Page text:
The value of good data, analytics and business intelligence – and its impact on improved management and service delivery – is often still under-appreciated within the healthcare sector.
Since the Francis Inquiry’s final report in 2013, the Keogh review and the Berwick report, there has been a culture shift within the NHS. The Five Year Forward View describes aspirations for a health service that meets local need and one where examples of success are shared from community to community.
A common theme that emerges among all winners of the coveted CHKS Top Hospitals Awards is a focus on putting the patient at the centre of care. Winners also value their staff and use their experiences of daily work on the frontline to shape the future of patient experience, quality of care and safety. In addition, patients, families, carers and staff are encouraged to work together to redesign services to take into account how the patient wants to be treated.
All of this relies on high quality data from within the organisation, and on its appropriate use. With 25 years’ experience in healthcare improvement, Capita and CHKS understands that the way data is managed and used has a significant impact on the running of a hospital trust.
And, as you can read in the related case studies, as well as better patient outcomes, good use of business intelligence can translate into significant operating cost savings (eg, Capita identified over £400m in savings over three years for NHS South Central) or reduced costs of service delivery (eg, Capita helped NHS Ashton Leigh & Wigan to deliver prescribing savings of £1.29m and productivity savings of £2.85m though implementing new service models).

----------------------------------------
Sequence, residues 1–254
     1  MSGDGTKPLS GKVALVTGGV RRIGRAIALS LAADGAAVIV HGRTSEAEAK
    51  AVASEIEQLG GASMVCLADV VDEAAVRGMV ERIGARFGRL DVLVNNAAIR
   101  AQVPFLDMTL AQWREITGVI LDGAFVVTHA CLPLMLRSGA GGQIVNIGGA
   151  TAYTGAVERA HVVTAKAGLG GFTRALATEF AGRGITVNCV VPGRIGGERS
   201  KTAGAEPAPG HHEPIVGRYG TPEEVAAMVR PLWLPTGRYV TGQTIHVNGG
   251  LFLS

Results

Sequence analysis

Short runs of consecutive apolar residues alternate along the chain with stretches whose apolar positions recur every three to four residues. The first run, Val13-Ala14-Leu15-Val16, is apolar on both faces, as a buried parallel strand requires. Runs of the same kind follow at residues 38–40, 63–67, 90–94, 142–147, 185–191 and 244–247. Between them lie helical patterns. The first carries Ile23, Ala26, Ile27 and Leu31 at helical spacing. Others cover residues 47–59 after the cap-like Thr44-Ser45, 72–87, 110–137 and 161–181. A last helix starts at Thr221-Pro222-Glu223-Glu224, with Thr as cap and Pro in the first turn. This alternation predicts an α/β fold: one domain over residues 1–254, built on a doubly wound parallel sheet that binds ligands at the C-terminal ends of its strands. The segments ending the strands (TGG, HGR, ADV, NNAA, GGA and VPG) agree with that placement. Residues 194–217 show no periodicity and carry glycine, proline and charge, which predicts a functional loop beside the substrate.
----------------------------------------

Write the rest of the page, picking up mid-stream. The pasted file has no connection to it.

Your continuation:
Leading trusts are bringing clinicians and coders together to ensure everyone understands the importance of clarity and accuracy of information and to ensure that the resulting business intelligence can help them shape improved service delivery.
This is not just a back-office function – it is the backbone of a successful trust.
We measure the things that we do well, as well as those that are not done so well. We work alongside teams to gather relevant, current data and develop staff to use this information to deliver real benefits and learning. If people make a mistake we want them to feel empowered to admit this without fear of recrimination, and safe in the knowledge that it will be a learning experience.
Director of nursing and user experience, Northern Health and Social Care Trust
Good organisations know exactly what is happening and where, through both intelligence monitoring and feedback from patients and staff. Accurate internal data are essential to achieve this, however research shows that the clearest picture of patient safety will be achieved by combining these data with patient experience and feedback.
Recent Capita blogs on analytics within the health sector: